Net neutrality, a controversial issue around the world, has emerged a winner in India. In a heavy-duty meeting on Wednesday, the Telecom Commission, the highest decision-making body in the Department of Telecommunications, approved the net neutrality rules implying internet will remain open to everybody in the country.
Apart from net neutrality rules, the commission has also approved the new telecom policy — National Digital Communications Policy (NDCP), 2018 — aimed at promoting investments, ease of doing business, and emerging technologies like 5G.
The move on net neutrality, which was the biggest decision at the meeting, is in sync with the recommendations of the Telecom Regulatory Authority of India (Trai). It is meant to ensure no service provider can restrict or discriminate in the treatment of content by blocking, slowing down or granting preferential speeds while providing internet access. However, some critical services will remain out of the purview of the net neutrality rules, Telecom Secretary Aruna Sundararajan said after the commission meeting chaired by her.
ALSO READ: Net neutrality and the privacy debate
Reacting to the net neutrality rules, industry body COAI said it has already expressed its support on issues pertaining to non-discriminatory use of the internet, including no blocking, no throttling and adoption of same service-same rules. It said light touch regulatory approach should be adopted so that innovation was not hampered by the net neutrality rules.
Trai had already barred telecom operators from offering differential pricing of data, putting an end to Facebook’s Free Basics and Airtel Zero. The regulator had recommended a change in the licence conditions to restrict any form of discrimination in Internet access based on content. “We are not accepting any walled garden. This is the same net neutrality principles which have been articulated by DoT earlier, and subsequently by Trai and reaffirmed by the Commission now,” the secretary said.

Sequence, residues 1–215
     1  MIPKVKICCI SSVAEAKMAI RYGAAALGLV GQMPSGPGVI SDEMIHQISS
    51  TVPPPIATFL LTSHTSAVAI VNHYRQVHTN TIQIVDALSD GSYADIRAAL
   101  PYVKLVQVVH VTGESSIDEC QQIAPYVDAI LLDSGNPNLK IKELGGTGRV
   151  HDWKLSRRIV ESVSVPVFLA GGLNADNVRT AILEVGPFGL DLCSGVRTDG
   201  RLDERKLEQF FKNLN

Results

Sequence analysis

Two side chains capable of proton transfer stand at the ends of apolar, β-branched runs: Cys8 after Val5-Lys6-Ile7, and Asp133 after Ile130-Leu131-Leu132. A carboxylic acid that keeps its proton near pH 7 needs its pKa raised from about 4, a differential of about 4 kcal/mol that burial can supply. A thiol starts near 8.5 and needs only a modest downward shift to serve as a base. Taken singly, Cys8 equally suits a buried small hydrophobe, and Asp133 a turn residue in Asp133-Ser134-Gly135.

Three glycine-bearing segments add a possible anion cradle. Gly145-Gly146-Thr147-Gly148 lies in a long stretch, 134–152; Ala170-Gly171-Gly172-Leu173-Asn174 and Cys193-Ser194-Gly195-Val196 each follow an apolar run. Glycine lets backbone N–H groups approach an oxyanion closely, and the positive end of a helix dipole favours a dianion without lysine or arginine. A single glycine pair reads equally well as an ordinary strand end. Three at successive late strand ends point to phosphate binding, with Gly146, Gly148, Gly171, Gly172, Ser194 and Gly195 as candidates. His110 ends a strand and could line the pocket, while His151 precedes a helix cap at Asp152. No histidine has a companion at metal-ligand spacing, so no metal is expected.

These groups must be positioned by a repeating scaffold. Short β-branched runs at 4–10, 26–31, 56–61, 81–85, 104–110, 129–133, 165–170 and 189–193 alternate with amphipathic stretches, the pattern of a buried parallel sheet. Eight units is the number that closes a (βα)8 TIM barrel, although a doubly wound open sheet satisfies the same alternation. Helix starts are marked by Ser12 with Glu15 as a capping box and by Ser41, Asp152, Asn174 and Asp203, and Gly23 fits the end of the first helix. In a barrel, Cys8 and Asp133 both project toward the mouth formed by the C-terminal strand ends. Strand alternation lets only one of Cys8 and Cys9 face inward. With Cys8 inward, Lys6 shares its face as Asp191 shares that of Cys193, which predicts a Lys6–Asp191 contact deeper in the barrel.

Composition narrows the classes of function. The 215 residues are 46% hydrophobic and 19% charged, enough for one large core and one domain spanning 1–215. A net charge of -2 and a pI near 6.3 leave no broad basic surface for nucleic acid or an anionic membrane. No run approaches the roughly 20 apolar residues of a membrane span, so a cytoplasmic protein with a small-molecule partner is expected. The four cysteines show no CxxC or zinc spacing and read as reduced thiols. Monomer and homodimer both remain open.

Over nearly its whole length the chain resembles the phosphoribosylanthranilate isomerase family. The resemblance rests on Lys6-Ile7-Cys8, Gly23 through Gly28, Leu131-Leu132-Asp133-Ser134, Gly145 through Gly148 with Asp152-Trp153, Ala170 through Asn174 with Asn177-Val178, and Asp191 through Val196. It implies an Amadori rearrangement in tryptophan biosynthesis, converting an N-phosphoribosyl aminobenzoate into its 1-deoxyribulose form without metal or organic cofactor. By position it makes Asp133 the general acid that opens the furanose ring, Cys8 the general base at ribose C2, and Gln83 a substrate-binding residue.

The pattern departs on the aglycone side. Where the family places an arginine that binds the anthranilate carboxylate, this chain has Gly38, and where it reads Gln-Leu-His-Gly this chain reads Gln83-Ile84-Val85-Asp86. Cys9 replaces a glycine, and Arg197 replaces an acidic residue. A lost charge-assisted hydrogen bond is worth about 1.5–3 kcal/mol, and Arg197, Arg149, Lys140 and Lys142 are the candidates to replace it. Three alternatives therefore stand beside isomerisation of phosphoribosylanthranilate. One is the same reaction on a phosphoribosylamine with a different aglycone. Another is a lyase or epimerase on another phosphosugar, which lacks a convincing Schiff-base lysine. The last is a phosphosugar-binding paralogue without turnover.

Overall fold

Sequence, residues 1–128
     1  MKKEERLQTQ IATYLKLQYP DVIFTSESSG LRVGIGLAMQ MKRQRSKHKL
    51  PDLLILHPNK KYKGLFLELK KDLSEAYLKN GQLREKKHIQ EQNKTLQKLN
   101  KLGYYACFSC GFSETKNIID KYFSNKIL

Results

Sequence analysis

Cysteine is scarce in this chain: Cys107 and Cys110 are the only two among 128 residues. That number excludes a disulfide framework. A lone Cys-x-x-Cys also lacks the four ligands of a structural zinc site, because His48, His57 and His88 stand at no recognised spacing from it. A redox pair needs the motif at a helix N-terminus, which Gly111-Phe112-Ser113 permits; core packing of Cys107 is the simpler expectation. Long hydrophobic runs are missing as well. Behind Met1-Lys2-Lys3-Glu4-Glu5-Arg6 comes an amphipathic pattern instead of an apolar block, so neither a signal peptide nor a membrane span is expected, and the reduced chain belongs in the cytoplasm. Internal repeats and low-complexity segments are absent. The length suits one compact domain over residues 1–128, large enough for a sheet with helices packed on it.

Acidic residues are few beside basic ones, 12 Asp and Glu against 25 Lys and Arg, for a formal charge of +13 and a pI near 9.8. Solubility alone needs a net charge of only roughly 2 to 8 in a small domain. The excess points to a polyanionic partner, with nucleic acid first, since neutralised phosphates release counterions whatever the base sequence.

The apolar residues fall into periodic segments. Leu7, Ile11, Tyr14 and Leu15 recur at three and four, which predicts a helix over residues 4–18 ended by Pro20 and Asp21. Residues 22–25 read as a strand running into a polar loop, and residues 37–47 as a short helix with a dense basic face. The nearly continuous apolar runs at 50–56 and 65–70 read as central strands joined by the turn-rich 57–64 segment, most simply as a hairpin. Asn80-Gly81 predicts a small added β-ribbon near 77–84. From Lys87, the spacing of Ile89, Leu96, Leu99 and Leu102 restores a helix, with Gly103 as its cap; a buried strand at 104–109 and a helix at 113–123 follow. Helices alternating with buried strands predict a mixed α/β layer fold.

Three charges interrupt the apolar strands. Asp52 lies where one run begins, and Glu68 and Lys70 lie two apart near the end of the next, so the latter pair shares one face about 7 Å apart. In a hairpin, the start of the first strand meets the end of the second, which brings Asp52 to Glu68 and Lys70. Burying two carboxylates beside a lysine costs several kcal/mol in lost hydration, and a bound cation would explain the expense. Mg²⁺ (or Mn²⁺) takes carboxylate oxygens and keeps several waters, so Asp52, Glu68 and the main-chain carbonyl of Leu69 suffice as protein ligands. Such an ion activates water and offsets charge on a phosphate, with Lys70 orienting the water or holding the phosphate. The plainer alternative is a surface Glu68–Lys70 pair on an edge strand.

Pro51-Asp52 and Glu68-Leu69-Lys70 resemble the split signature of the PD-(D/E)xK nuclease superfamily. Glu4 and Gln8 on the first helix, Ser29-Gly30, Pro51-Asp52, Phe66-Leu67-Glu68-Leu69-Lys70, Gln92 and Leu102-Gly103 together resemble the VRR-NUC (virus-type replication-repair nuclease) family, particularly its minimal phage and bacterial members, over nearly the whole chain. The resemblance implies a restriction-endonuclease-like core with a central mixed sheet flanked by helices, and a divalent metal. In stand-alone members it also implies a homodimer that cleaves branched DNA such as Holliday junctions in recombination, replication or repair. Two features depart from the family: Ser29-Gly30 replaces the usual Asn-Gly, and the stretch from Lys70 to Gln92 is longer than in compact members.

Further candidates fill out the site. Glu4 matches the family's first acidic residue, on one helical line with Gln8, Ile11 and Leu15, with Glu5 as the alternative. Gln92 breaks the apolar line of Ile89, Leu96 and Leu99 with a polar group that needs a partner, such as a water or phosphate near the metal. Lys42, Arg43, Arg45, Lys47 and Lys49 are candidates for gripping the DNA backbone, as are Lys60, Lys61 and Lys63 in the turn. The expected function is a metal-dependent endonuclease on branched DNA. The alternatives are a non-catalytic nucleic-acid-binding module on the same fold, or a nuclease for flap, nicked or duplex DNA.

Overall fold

The DoT will amend the licences of telecom operators so that they comply with the principle of net neutrality. Trai had given the recommendations on the subject last November, favouring open Internet policy for the country.
While Internet of things (IoT) as a class will not be exempted from net neutrality, certain categories of IoT which come under critical services will be left out. Other than that, the DoT secretary said in the age of autonomous vehicles and digitised healthcare, certain types of traffic need to be prioritised.
The DoT will form a committee to identify critical services and come up with a separate regime for such services.
Explaining the critical services, an official said autonomous vehicles on the roads would be given priority over a social media chat. Similarly, in healthcare, where a remote diagnostic surgery is taking place, internet traffic has to be prioritised because even a millisecond of connectivity drop can be fatal.
The DoT will also frame a policy on net neutrality traffic management after getting recommendations from Trai on the subject. ALSO READ: India needs 100,000 telecom towers to cater to the rising data demand
On the new telecom policy, Sundararajan said, “…we must ensure digital infrastructure is provided at the earliest. Therefore, India must have ease of doing business and enabling policy environment.” Key aspects and enabling provisions to reduce the levies have been mentioned in the policy and these would have to be translated into specific proposals, which would be done once the Cabinet approves it, she said.
The Commission on Wednesday approved a proposal to rationalise double taxation for virtual network operators (VNOs) as well. It is an important step to encourage provisioning of services from VNOs. Despite 67 firms taking up licences for VNOs, the services were not launched because they were subject to double taxation and in certain cases three times cascading taxes.
Another proposal approved by TC includes setting up of over 1 million wi-fi hotspots across all the gram panchayats. The DoT will provide Rs 60 billion as viability gap funding to service providers to set up these hotspots. The DoT will come out with a tender for this and the project will be completed by December. In addition, a proposal to fund pilot projects through Universal Service Obligation (USO) Fund for newer technologies has been cleared too.